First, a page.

So a person’s professional career can be obliterated based on accusations alone? What if these accusations are not true or are stretched very far from the truth? I’m not saying they are; I’m just saying we would never know because no one would believe the accused in this hysterical climate.

    1. harold braun says:

      Thank you for some reason here!

    2. Mr. Schwa says:

      Very true!! Hysteria has supplanted reason and justice/fairness. Wasn’t it some Reagan Cabinet guy who, after being accused of something, asked which department he should go to to get his reputation back? If accused, most people will think you are guilty.

  10. Alex Davies says:

    I find it hard to say exactly why, but Dutoit has always struck me as being particularly arrogant.

  11. one of many jims says:

    This might be a good time to review Dutoit’s history. Even if he has not been accused of sexual assault in the past he has certainly been accused of abusive treatment towards the musicians he works with. Here’s a link to a 4/18/2002 NYTimes article regarding the revolt of the Montreal Symphony’s musicians against his tyrannical behavior. Perhaps he has mellowed in the intervening years. I haven’t heard any gossip about his behavior towards the orchestra while guesting here in Boston. Of course, it’s quite possible that when he’s guesting he behaves himself better than he does with his home orchestra.
    At any rate, in light of today’s news this makes interesting reading:

    http://www.nytimes.com/2002/04/18/arts/dissonance-in-montreal-dealing-with-the-aftermath-of-a-rare-orchestral-uprising.html

  12. Dr Gordon Baughman says:

    I spent the summers of 74 and 75 with a fellowship at Tanglewood. At a reception for young European musicians, I was shocked to see a very drunk Leonard Bernstein stagger into the room and begin to caress young men and ask them if any of them “had a joint”! Fortunately, wonderful Isaac Stern rushed in to drag him out of the room. My reverence for LB’s genius remains unchanged, but none of the news is surprising,

    1. herrera says:

      “Wonderful” Isaac Stern also then did not report LB to the proper authorities and banned him from the BSO.

      Yes, yes, it was the 70s, times were different then.

      Yes, yes, it was Boston and the culture was one that allowed Cardinal Law to protect all his criminal priests in his diocese, and one that allowed the police to turn a blind eye to what was happening in the Catholic church, so it was the same culture that the BSO operated in.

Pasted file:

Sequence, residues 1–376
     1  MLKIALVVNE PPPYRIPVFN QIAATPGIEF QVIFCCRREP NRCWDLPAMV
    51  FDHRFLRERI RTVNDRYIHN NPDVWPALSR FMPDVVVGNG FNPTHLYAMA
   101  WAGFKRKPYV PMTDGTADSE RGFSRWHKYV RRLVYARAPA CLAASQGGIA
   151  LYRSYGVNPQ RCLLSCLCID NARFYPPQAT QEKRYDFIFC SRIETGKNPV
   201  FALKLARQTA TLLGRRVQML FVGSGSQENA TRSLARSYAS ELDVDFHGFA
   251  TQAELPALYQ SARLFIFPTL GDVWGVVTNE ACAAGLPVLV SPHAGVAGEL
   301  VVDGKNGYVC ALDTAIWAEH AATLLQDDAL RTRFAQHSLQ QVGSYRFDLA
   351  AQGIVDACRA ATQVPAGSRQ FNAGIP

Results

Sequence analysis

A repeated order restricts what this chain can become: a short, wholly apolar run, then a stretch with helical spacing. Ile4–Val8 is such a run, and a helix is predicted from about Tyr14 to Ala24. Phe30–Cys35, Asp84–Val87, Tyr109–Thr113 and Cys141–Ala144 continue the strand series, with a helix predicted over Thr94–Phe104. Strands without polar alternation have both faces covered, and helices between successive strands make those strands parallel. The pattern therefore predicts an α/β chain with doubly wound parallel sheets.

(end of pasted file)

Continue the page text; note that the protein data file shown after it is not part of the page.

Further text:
Nonetheless, there were no heroes in this story, not even “wonderful” Isaac Stern.

    2. nzchicago says:

      I was at Tanglewood in the early 80s and that same type of behaviour by Bernstein was the subject of much gossip among the students. It don’t remember anyone ever talking of doing anything about it.

      On the other hand, I was at Stony Brook in the same period of time and well remember the end of a certain famous cellist’s teaching career, amidst allegations of sexual abuse (including forced enemas) of some of his female students. So even at that time, there were some lines to be drawn – but things were always “taken care of” as quietly as possible, and without criminal charges, as far as I know.

  13. anonanon says:

    Get this through your collective thick, dense skulls:
    – Levine: consensual sex
    – Dutoit: nonconsensual assault

    Levine was NEVER “accused of molesting young males”, not one of the accusers who publicly identified themselves in the mainstream press alleged it was against their will to engage in mutual masturbation with Levine. NONE.

    NAME ONE and I will stop posting here. If you can’t, YOU stop posting here.

    1. norman lebrecht says:

      Ashok Pai said it was against his will.

      1. anonanon says:

        Untrue. From the NYT:

        “He said that the relationship continued for years and that his feelings were complicated: He shared a copy of a Western Union Mailgram he had sent to Mr. Levine at the Salzburg Festival in 1988 that contained the postscript “P.S. I love you.”

        Sure, 30 years later Pai is claiming he did not consent. But at the time, he continued the relationship for years proclaiming his love for Levine.

        Plus, if the Illinois police department thought Pai’s accusations were credible 30 years later, they would not have decided not to pursue Pai’s charges.

      2. anonanon says:

        And that is the pattern of Levine’s accusers: they continued the relationship for years, following Levine from city to city as his career grew, riding on his coat tail.

        That is NOT the pattern with Dutoit’s accusers.

        Can you imagine of any one of the 6 women accusers of Dutoit had said, “after he stuck his tongue down my throat, it continued for years, my feelings were complicated, I told Dutoit I loved him”???? We would be laughing these 6 women accusers off this site. But that did not happen.

    2. Robert Holmén says:

      The people who refused this offer of consensual sex found there was a career penalty to pay after they did. Levine’s demand for sex was really not consensual like two people who meet at a party and decide to decide to jump in the sack is.

      Perhaps not an actionable crime but still a serious abuse as a leader of musicians by Levine and his future access to musicians is what’s being acted on by these various cancellations of engagements and positions, not criminal penalties.

      1. anonanon says:

        You cannot have a self-serving definition of “consent” to mean: it was “consent” if my career took off after sleeping with him, but it was “not consent” if my career tanked.

        1. Bruce says:

          Is that what they have?


Leave a Reply to Petbull Cancel reply

Your email address will not be published. Required fields are marked *

This site uses Akismet to reduce spam. Learn how your comment data is processed.